Doug was already in the next booth when Wendy wandered in. Since he was the only one there, she assumed he was the artist, though she was surprised that such kitschy trinkets as country "Bless Our Happy Home" signs could be the work of a Japanese artist. When Doug commented on how beautiful the glasswork at the previous booth was, Wendy replied, "Yes, and I like yours, too." He told her it wasn't his booth, that he was just there because he loved craft shows.

"What do you do?" Wendy asked him.

For the next 53 minutes -- "and I know it was 53 minutes, because across the room was a big clock," Wendy says -- Doug talked to her about neurons and ganglia and Silent Spring, the book Rachel Carson had written about DDT, and anything he could think of to say. "I was completely smitten," Doug says. Though Wendy didn't have the slightest idea what he was talking about, she was struck by him. "It wasn't like bells went off, but I knew I wanted to know him for a long time," she explains. At the end of the conversation, she gave him her home phone number, something she rarely did.

A few days later Wendy's Honduran doorman, Julio, was visiting in her apartment. Julio was like a protective brother to Wendy, always watching out for her and taping her television appearances since she didn't have her own VCR. He was adorably starstruck. Wendy had dated actor and salsa singer Ruben Blades, and the doorman nearly hyperventilated when Blades came to the building. Julio always asked Wendy when she was going to get married, and her standard response was, "I'm never going to get married, but if I ever were to get married, I'd marry a Japanese man." So it was fitting that Julio was sitting beside Wendy when her future husband called for the first time.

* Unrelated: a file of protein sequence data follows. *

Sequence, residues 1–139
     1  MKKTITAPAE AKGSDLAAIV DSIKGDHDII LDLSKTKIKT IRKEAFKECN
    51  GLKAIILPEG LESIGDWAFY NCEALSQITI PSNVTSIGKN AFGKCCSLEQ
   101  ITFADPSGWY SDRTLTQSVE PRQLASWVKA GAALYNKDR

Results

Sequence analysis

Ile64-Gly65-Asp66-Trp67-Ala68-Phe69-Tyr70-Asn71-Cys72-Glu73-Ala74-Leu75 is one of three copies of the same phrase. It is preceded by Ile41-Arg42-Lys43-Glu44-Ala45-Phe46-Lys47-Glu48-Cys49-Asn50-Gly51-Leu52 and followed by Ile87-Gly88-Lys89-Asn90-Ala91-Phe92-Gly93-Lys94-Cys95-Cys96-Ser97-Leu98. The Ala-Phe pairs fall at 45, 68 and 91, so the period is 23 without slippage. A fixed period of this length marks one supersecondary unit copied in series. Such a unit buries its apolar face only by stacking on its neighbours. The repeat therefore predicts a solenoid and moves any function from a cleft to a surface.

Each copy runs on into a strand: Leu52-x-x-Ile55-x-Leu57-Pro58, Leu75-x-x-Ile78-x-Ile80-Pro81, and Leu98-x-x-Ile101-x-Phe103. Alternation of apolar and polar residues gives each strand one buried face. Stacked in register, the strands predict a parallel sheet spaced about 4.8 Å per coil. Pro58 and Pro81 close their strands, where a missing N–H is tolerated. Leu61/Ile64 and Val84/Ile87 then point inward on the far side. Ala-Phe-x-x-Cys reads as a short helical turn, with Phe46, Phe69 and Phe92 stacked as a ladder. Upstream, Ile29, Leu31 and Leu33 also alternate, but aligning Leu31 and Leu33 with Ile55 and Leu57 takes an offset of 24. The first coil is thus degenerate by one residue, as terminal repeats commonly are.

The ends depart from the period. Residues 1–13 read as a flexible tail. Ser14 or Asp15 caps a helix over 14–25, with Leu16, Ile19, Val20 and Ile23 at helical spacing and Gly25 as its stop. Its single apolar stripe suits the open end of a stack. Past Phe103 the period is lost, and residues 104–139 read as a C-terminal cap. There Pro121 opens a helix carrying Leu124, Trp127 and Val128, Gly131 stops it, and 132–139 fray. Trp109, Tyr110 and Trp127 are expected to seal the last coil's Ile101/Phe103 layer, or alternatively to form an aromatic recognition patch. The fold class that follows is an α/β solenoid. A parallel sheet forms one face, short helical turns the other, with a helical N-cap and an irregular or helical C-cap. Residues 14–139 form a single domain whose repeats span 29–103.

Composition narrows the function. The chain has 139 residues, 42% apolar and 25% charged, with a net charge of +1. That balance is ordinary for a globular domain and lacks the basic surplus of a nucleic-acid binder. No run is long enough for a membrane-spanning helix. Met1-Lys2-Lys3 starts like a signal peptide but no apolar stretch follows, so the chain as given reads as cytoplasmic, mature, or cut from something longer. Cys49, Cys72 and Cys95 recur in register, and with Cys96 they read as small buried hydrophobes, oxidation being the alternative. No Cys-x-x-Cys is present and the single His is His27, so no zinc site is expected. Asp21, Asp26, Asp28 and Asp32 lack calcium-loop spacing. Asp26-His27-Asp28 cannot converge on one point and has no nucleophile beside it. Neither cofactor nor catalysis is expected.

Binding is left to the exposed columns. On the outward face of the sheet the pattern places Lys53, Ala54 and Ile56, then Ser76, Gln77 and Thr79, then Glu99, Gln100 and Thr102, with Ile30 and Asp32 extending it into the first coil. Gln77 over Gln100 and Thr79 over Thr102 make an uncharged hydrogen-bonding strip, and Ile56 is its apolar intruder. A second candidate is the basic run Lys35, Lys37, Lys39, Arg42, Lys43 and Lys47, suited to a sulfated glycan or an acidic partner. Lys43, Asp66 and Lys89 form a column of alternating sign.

Wendy's compassion drew Doug in. The first time he went to her apartment, he saw that she not only cooked her dog's food, but she fed him with a spoon. And she was non-competitive in a way he had never seen before. "In New York City, you have these cattle calls of hundreds of actors auditioning for a single part," he remembers. "The night before, she'd be calling friends, telling them how wonderful they would be in that part and encouraging them to audition."

Wendy had lived with boyfriends before, but had always kept her own apartment. This time she knew "this was it" within a few weeks. Still, she was panicked that Doug would realize she wasn't as smart as he was. "Don't you want to be with somebody smart who can understand what it is you do?" she blurted out one day while they were riding the subway together.

"You're incredibly intelligent," he told her. "You don't have a quantitative mind."

Wendy had to look up "quantitative" when she got home. He was right. They were married in 1982.

In March 1985, Doug was offered a job at Colorado State University in Fort Collins, a place he and Wendy had never heard of. When they looked at the map, they noticed how close it was to Yellowstone and the Grand Tetons and decided to come out for a free vacation. Wendy was looking forward to three days in a hotel room watching I Love Lucy reruns and not talking to an agent or learning any lines. But when she arrived, she was given an itinerary. The search committee, upon discovering that she was a classically trained actress, had arranged for Elizabeth Elliot of the local opera to take her around and tell her how fabulous theater in the area was.

Wendy instantly liked Elizabeth and was impressed with the tour, but back in New York, her career was taking off. She had her own character on All My Children, and she was just starting to open doors that people wait their whole careers to get through. She knew Steve Zuckerman -- now a TV director who's worked on such hits as Friends and Everybody Loves Raymond -- from his work in theater, and she went to dinner at his house when she returned from Colorado. "Who's your competition?" he asked her. "Your competition is Meryl and Sigourney. They're known and you're not, so you'd be nuts if you go to Colorado."

When she got home, Doug told her he had just accepted the job. Wendy shed a few tears that night, but she never hesitated to follow her husband. "Maybe had I not already played most of the great roles that had ever been written, it would have been more difficult," she says. "I had so much already, but what I hadn't had was this deep, constant, abiding, exciting love affair with a husband. I am so head over heels in love with Doug Ishii. He still knocks my socks off."